I was doing some refactoring recently and made some interesting discoveries about how constants work in ruby.

What tripped me up was how much of a mess this code made:

module Greetings COMMON_GREETINGS = { "hello" => "Hello!", "goodbye" => "Good bye." } end class Greetings::Welcome GREETINGS = COMMON_GREETINGS.merge! { "welcome" => "Welcome" } end class Greetings::Christmas GREETINGS = COMMON_GREETINGS.merge! { "hoho" => "Ho Ho, Merry Christmas" } end

Can you spot the problems here? The first obvious one is merge with a bang, and the other I will explain below.

What is a constant?

Constants in ruby are anything starting with a capital letter. So class names are constants as well as all capital variables.


Constants aren’t completely similar in other language. For example in Java and PHP you cannot re-assign or change a constant. In ruby you can:

2.0.0-p353 :001 > GREETING = "hello" => "hello" 2.0.0-p353 :002 > GREETING = "goodbye" (irb):2: warning: already initialized constant GREETING (irb):1: warning: previous definition of GREETING was here => "goodbye" 2.0.0-p353 :003 > GREETING => "goodbye"

Now you do get a warning, but its not an error and will not stop you from continuing. In the first example, the merge! actually modified the original constant so this was applied too all other classes using this constant.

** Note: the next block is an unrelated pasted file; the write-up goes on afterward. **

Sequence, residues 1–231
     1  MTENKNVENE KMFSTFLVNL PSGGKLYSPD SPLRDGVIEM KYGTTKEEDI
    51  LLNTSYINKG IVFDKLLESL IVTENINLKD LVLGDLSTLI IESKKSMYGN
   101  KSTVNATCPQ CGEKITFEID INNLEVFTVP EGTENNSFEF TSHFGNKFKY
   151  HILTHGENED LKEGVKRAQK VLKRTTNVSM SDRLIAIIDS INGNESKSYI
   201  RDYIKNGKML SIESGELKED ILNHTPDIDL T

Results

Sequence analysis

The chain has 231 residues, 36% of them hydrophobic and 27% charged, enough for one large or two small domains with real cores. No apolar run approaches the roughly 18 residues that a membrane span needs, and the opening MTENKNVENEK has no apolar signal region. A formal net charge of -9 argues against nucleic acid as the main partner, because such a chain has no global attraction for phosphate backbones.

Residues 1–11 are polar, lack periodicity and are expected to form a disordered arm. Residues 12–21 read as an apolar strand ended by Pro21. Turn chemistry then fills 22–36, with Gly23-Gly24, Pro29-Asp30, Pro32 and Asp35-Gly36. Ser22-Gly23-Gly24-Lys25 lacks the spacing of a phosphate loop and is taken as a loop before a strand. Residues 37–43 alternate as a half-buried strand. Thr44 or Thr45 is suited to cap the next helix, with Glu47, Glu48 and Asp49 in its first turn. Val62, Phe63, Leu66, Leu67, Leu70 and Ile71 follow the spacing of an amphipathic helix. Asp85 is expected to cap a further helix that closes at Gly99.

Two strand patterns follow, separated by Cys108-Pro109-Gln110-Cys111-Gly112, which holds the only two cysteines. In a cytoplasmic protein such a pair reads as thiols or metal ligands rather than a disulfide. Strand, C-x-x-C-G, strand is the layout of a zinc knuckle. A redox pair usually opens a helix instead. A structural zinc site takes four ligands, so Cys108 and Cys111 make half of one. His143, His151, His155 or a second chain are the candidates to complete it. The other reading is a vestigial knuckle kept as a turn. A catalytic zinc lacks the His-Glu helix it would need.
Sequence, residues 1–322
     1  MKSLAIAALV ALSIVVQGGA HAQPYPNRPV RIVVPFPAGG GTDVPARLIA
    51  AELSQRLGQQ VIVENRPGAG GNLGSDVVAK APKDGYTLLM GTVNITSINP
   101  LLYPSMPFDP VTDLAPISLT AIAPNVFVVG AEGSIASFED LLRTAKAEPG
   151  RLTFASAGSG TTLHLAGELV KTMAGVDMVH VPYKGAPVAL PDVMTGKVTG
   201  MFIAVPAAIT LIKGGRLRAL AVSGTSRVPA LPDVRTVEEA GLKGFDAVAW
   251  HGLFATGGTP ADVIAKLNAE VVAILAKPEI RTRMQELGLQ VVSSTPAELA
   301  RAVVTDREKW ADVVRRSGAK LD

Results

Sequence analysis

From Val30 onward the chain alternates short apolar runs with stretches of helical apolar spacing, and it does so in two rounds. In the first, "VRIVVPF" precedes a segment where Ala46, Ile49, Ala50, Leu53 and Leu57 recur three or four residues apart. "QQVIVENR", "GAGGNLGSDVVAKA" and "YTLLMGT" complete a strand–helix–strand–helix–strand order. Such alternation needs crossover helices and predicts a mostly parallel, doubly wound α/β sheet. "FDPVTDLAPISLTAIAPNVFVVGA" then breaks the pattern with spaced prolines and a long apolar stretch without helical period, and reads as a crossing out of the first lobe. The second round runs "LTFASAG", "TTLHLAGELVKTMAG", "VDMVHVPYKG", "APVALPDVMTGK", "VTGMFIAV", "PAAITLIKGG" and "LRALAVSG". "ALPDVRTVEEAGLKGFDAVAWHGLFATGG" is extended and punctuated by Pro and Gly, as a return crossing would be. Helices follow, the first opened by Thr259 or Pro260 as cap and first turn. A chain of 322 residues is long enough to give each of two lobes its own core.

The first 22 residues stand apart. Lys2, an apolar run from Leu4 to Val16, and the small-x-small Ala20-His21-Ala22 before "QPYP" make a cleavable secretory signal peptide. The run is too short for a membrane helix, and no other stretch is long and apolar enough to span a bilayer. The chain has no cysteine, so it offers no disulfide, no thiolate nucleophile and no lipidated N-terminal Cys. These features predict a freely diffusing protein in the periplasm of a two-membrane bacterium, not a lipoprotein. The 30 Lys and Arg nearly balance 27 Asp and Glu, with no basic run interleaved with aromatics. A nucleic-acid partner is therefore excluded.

There is one thing you can do if you want to ensure that the Object that the constant holds will not be modified, and that is by using the method freeze.


2.0.0-p353 :001 > GREETING = "goodbye" => "goodbye" 2.0.0-p353 :002 > GREETING.freeze => "goodbye" 2.0.0-p353 :003 > GREETING << " and hello" RuntimeError: can't modify frozen String from (irb):3 from /home/kieran/.rvm/rubies/ruby-2.0.0-p353/bin/irb:12:in `<main>'

But as you can see below, the Constant is still able to be re-assigned (but still gives us the warning).

2.0.0-p353 :004 > GREETING = "goodbye and hello" (irb):4: warning: already initialized constant GREETING (irb):1: warning: previous definition of GREETING was here => "goodbye and hello"

As pointed out by Andrew, you can freeze the class constant that an object refers to which will stop it from being modified.

class Foo BAR = 1 end # Works class Foo BAR = 2 end Foo.freeze # Doesn’t work class Foo BAR = 3 end

Some other useful things about class constants is how easily they can be accessed. Constants defined in a class can even be reached without creating an instance of the class. You can even dynamically call the constant if you have a reference to the Class variable that contains the constant. For example:

irb(main):005:0> class Work irb(main):006:1> JOB = "Gardening" irb(main):007:1> end => "Gardening" irb(main):008:0> work = Work => Work irb(main):009:0> work::JOB => "Gardening"

Im still not certain on how useful constants are for settings that never change but I prefer using them to class methods that re-define hashes every time they are called or yaml files. They can sometimes make testing easier and other times harder.

Do you use constants much and how do you use them? Reply in the comments below.

Originally published at kieranandrews.com.au.

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